Lis Brown
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Well, this may come as a surprise but my advice actually is: don’t handle a job interview like a man. Just approach it as yourself!

First and foremost, men and women generally have different communication styles and approaches, and to be anything other than your unique self in an interview may only lead to problems later on.

As Oscar Wilde said, "Be yourself, everyone else is already taken."

For those of you who are in the process of interviewing for a new job or promotion, we are already faced with the well-known statistic that women only put themselves forward for a position if they feel they are a 100% match. But for our male counterparts, they are happy to assume a 60% match is sufficient.

For many, there is a perception that in the "corporate" world, having an assertive, confident and even an aggressive style is something that most employers want. That may be the case for some positions, but the most important thing I have looked for in the hundreds of candidates I have interviewed over the years is how that individual would fit into an existing team and what skills they as individuals can bring to my organization.

Using the view that we must be an exact fit for a role, however, surely means we are best positioned to anticipate all the questions or scenarios that may be presented to us in the interview. Use that to your advantage in being able to talk confidently about how YOU handled things, how YOU contributed in making a difference, and what results or outcomes YOU achieved. Also, never forgetting those all-important questions YOU have for the interviewer in regards to the role or the organization.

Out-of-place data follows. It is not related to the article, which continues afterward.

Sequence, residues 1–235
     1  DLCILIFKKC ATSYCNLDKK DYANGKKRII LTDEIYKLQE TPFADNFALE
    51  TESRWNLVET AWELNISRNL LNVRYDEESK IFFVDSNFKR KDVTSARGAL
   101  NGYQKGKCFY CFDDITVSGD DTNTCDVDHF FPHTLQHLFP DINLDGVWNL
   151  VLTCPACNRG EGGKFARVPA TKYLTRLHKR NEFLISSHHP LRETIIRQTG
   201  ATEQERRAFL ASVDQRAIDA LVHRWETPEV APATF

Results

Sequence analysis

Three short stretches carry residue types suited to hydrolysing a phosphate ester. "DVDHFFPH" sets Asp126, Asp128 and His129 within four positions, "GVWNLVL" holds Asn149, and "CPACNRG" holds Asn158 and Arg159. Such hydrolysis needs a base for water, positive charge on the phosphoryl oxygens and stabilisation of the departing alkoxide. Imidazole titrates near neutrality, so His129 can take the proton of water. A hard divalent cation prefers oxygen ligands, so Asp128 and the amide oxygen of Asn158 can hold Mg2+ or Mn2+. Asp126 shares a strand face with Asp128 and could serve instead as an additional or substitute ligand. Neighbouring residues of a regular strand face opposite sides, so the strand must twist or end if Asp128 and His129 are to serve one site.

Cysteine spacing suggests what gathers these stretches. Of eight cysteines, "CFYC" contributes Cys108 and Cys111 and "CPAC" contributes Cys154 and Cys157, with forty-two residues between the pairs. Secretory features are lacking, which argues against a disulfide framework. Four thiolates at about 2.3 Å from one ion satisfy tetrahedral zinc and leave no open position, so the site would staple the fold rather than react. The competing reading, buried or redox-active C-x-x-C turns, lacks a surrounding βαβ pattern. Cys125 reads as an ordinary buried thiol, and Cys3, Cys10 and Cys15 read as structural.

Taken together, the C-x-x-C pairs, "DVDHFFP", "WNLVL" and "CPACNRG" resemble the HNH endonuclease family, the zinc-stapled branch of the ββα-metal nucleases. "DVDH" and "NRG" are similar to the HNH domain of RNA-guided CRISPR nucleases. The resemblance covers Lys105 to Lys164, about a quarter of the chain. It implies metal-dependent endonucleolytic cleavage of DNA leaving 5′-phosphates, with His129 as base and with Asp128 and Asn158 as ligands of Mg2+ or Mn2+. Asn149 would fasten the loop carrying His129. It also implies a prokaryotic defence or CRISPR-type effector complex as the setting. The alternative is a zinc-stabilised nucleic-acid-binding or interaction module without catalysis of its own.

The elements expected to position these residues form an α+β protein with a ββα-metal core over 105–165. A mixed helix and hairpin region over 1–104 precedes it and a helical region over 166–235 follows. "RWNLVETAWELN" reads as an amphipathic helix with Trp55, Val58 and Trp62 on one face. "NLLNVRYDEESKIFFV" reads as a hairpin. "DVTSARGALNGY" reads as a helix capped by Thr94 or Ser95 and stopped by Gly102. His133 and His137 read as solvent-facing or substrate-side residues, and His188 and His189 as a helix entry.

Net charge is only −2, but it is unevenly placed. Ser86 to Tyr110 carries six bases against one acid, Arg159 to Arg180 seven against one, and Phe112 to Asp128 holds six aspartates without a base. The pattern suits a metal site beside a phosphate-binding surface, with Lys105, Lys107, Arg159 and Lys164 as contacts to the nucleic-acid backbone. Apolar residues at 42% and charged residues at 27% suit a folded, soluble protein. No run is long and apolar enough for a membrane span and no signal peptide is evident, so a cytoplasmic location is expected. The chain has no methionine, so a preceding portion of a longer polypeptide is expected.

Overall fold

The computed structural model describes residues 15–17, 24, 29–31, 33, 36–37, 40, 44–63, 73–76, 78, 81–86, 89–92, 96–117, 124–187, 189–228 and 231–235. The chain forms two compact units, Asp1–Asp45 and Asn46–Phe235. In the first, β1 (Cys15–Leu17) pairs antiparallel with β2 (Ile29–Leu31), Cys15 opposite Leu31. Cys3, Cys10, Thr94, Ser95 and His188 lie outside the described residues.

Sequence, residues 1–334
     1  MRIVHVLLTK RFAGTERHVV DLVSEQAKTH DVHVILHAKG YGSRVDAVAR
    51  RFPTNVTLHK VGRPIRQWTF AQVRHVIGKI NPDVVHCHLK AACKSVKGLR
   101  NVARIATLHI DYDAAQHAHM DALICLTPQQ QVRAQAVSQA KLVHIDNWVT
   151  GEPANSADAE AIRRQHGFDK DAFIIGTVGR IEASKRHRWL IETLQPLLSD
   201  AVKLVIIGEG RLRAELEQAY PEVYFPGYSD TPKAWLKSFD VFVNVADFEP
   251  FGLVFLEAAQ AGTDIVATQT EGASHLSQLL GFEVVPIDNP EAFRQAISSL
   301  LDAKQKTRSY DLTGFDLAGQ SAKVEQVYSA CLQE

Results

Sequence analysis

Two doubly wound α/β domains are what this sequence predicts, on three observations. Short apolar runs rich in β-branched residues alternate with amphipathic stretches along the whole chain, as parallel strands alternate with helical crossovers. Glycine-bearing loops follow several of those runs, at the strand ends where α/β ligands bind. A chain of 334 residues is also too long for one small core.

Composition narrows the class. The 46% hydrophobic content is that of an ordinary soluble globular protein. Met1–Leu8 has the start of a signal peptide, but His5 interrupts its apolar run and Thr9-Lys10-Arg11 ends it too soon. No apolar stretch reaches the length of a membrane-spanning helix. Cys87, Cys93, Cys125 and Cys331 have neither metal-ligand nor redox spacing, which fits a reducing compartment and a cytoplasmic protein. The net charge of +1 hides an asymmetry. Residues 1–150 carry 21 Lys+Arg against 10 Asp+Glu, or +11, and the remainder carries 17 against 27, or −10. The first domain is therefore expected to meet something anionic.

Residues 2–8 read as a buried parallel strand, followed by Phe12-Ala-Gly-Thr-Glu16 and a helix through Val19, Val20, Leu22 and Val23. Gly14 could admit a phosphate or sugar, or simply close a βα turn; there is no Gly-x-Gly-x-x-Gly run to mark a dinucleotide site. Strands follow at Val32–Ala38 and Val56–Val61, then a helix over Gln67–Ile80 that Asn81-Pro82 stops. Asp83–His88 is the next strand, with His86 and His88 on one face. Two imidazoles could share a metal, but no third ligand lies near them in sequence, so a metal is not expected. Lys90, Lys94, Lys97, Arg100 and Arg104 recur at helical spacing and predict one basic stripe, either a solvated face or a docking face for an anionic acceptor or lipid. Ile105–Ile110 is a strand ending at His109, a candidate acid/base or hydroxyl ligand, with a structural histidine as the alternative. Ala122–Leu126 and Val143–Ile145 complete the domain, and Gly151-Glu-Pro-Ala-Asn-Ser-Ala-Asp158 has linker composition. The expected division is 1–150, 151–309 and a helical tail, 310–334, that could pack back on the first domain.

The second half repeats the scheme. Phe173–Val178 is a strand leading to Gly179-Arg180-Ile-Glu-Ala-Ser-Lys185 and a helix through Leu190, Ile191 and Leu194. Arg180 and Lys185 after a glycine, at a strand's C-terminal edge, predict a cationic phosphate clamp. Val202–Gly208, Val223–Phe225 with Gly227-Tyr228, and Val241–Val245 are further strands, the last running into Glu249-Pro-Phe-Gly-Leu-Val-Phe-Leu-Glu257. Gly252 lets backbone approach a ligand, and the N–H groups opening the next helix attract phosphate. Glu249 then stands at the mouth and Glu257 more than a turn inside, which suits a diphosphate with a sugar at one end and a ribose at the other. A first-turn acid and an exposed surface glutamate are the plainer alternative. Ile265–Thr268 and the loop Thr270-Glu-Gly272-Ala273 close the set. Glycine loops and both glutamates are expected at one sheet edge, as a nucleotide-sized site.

But wait, there is no "i" in team...?

Forgive me for this gender generalization, but for the most part, we women rarely ever like to talk about our own accomplishments. We are often far more comfortable talking about what "we" as a team or group achieved rather than what ‘I’ as an individual accomplished.

Well, listen up ladies — don’t be afraid to talk about your own achievements. They're something your interviewers want to hear about. Just remember, the mere fact that you have an interview indicates there was something in your resume or reputation that the interviewer wants to find out more about.

While men are often seen as naturally being able to voice — or, on occasion, inflate — their own achievements, women can equally be seen as downplaying them in an interview. Depending on the position or role you are interviewing for, that can set off a potential flag to a hiring manager as a lack of confidence by the candidate.

Remember, those first impressions count! 

We all know that those first few minutes count when we meet the interviewer, whether it's in person or over a call, and that they will set the tone for how the rest of the interview may play out.

Body language therefore speaks volumes, and in some cases can be more visible than the actual words we are uttering. So with that in mind, make sure your introduction to the interviewer is appropriately confident and self assured.

Our male colleagues are often accused of being accomplished in "claiming the space" of a room, and I am not necessarily talking "man spreading" here. So, similarly, just embrace your inner Amy Cuddy and handle that interview with your own unique "power pose," as we know how important body language is in displaying confidence to not just others, but also to our own worst critic —  ourselves!